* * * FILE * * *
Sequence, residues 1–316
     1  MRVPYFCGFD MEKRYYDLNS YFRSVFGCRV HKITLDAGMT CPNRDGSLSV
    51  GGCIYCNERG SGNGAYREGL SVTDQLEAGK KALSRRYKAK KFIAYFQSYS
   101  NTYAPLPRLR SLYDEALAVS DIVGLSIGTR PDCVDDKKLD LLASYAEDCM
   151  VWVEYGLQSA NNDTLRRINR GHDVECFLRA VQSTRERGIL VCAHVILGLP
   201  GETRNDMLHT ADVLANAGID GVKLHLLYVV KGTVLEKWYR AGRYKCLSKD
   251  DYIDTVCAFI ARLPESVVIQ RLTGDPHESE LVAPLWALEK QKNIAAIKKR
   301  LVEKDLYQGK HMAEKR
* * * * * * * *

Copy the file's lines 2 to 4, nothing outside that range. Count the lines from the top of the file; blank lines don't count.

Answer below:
     1  MRVPYFCGFD MEKRYYDLNS YFRSVFGCRV HKITLDAGMT CPNRDGSLSV
    51  GGCIYCNERG SGNGAYREGL SVTDQLEAGK KALSRRYKAK KFIAYFQSYS
   101  NTYAPLPRLR SLYDEALAVS DIVGLSIGTR PDCVDDKKLD LLASYAEDCM